Category Archives: covert action

An Affordable and Risk Free Way to Kill: Drones

Armed drones have become ubiquitous in the Middle East, say Aniseh Bassiri Tabrizi and Justin Bronk of the Royal United Services Institute, a British think-tank, in a recent report. America has jealously guarded the export of such aircraft for fear that they might fall out of government hands, be turned on protesters or used against Israel. America has also been constrained by the Missile Technology Control Regime, an arms-control agreement signed by 35 countries, including Russia, that restricts the transfer of particularly capable missiles and drones (both rely on the same underlying technology).

China…has sold missile-toting drones to Egypt, Jordan, Iraq, Saudi Arabia and the United Arab Emirates (UAE). All are American security partners…. Other countries, such as Israel, Turkey and Iran, have filled the gap with their own models.  America wants to muscle its way back into the market. In April 2018 the Trump administration began loosening export rules to let countries buy armed drones directly from defence companies rather than through official channels. Drones with “strike-enabling technology”, such as lasers to guide bombs to their targets, were reclassified as unarmed. American drones are costlier and require more paperwork than Chinese models, but are more capable. ..The flood of drones into the market is already making an impact—sometimes literally. Ms Tabrizi and Mr Bronk say some Middle Eastern customers see drones as an “affordable and risk-free” way to strike across borders… 

Drone Bayraktar made by Turkey

Non-state actors are unwilling to be left out of the party. The jihadists of Islamic State often used drones in Iraq and Syria. Hizbullah used drones when it hit 23 fighters linked to al-Qaeda in Syria in 2014. The Houthi drone that bombed Al-Anad looked a lot like an Iranian model. Last year the Houthis sent a similar one more than 100km (60 miles) into Saudi Arabia before it was shot down. ..

Excerpts from Predator Pricing: Weapon Sales, Economist,  Mar. 9, 2019

The Secret Powers of Saudi Arabia — Murder not Included

In 2016 Muhammad bin Salman, Saudi Arabia’s crown prince and de facto ruler, announced the latest stage of “Saudisation”—the replacement of foreign workers with Saudi ones. It now appears the policy does not stop at swapping out bankers and bakers, but extends to ballistic missiles.  Satellite photos analysed by researchers from the Middlebury Institute of International Studies, and reported by the Washington Post, appear to show that Saudi Arabia has been building a factory for rocket engines, at an existing missile base in al-Watah, south-west of Riyadh. It seems to be configured for solid-fuel rockets, which can be launched more quickly than liquid-fuelled ones….he rocket factory was “designed, equipped and constructed by an outside entity”. Saudi Arabia has “no capacity” for such a project. The facility, he notes, closely resembles a Chinese one in Lantian.

Saudi Arabia is no newcomer to missiles. Having watched Iran and Iraq fling them at each other during the 1980s, it bought a few dozen df-3 missiles from China in 1987. It came close to unleashing them after being struck by Iraqi Scud missiles during the Gulf war in 1991. In the 2000s it probably picked up a batch of newer, more accurate Chinese df-21s.

Iran, the kingdom’s arch-rival, has been honing its missile force despite Western opposition and un rebukes, conducting 135 test launches since 1990. On December 1st, 2018  it tested one thought capable of comfortably reaching any corner of Saudi soil….Nor is Iran the only concern. Hizbullah, a Lebanese militant group nurtured and armed by Iran, has a growing arsenal of missiles; some can already reach the north-western parts of Saudi Arabia. Israel is also armed to the teeth. Though Prince Muhammad is on good terms with the Jewish state, satellite images published in 2013 reportedly showed that one of the Saudi df-3 launching pads at al-Watah was set in the direction of Tel Aviv.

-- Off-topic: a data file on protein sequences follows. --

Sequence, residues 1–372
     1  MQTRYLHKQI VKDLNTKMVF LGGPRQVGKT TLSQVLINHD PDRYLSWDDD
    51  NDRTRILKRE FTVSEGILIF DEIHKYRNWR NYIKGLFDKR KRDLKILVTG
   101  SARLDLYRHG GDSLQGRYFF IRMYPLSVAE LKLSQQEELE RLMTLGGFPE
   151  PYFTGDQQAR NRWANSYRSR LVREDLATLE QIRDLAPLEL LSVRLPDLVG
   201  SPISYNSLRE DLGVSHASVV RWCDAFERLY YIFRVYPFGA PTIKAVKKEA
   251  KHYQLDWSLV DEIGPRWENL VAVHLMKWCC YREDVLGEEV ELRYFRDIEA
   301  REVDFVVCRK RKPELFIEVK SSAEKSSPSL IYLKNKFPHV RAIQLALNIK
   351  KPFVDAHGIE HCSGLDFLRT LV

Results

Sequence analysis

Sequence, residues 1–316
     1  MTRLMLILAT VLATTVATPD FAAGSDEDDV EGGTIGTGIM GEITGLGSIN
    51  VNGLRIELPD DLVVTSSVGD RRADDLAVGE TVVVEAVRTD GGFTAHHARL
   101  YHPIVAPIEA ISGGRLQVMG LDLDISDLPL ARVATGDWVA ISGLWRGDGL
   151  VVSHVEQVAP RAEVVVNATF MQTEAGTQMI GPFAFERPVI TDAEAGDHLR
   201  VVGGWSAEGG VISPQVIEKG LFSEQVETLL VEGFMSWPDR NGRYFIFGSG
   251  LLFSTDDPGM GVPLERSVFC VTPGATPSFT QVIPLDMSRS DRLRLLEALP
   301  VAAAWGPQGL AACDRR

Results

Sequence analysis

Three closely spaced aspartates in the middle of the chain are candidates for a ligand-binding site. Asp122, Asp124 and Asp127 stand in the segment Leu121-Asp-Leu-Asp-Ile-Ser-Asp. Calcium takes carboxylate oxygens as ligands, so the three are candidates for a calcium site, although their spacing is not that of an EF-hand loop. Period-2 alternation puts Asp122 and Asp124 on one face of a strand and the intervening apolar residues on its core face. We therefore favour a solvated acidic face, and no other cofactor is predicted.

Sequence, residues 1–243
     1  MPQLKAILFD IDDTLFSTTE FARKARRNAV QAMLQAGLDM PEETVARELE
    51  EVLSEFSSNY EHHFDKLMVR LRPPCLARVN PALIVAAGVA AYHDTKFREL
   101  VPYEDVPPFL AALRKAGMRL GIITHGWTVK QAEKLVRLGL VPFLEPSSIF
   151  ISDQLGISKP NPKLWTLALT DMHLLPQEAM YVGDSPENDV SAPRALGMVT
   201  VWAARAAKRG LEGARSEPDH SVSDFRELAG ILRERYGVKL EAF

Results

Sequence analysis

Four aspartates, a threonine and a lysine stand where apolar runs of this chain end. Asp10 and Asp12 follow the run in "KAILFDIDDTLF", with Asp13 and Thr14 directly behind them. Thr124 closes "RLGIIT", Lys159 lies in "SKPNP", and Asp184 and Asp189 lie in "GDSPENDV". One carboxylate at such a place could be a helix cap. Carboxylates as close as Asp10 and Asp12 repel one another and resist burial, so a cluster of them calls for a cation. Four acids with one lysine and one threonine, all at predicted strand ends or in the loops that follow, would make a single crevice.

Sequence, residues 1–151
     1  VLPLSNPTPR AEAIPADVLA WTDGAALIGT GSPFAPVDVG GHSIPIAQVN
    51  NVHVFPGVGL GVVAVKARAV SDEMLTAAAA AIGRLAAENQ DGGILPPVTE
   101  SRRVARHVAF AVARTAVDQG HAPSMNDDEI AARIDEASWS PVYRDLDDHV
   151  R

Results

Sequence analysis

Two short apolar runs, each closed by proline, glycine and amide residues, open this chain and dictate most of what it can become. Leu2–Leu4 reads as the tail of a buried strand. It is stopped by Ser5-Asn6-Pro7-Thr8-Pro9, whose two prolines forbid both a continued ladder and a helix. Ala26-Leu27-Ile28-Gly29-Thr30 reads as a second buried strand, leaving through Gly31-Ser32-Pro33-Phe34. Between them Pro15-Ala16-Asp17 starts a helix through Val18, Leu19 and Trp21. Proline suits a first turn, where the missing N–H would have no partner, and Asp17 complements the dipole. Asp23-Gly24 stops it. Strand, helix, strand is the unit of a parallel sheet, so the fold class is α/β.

Because missiles are ideal delivery systems for nuclear weapons, news of the plant has also revived worries about Saudi Arabia’s atomic intentions…Without a doubt if Iran developed a nuclear bomb,” warned Prince Muhammad last March, “we will follow suit

So the Saudis may turn to other nuclear friends. Western diplomats and spooks have long been concerned that Pakistan, whose own nuclear programme was bankrolled by Saudi Arabia, might be a ready supplier of know-how, fuel or bombs. In 1999 Saudi Arabia’s then defence minister horrified American officials by touring Pakistan’s nuclear facilities and meeting A.Q. Khan, the scientist who sold nuclear technology to North Korea, Iran and Libya. Ties remain close. Prince Muhammad was due to agree on $14bn of investment in Pakistan during a visit to the country on February 16th.  2019. ….

Excerpts from Protection rocket Saudi Arabia’s missile race, Economist, Feb. 16, 2019

How Iranian Oil Escapes US Sanctions

 At least two tankers have ferried Iranian fuel oil to Asia in February 2019 despite U.S. sanctions against such shipments, according to a Reuters analysis of ship-tracking data and port information, as well as interviews with brokers and traders.  The shipments were loaded onto tankers with documents showing the fuel oil was Iraqi. But three Iraqi oil industry sources and Prakash Vakkayil, a manager at United Arab Emirates (UAE) shipping services firm Yacht International Co, said the papers were forged.  The people said they did not know who forged the documents, nor when.

“Some buyers…will want Iranian oil regardless of U.S. strategic objectives to deny Tehran oil revenue, and Iran will find a way to keep some volumes flowing,” said Peter Kiernan, lead energy analyst at the Economist Intelligence Unit.  While the United States has granted eight countries temporary waivers allowing limited purchases of Iranian crude oil, these exemptions do not cover products refined from crude, including fuel oil, mainly used to power the engines of large ships. Documents forwarded to Reuters by ship owners say a 300,000 tonne-supertanker, the Grace 1, took on fuel oil at Basra, Iraq, between Dec. 10 and 12, 2018. But Basra port loading schedules reviewed by Reuters do not list the Grace 1 as being in port during those dates.  One Iraqi industry source with knowledge of the port’s operations confirmed there were no records of the Grace 1 at Basra during this period.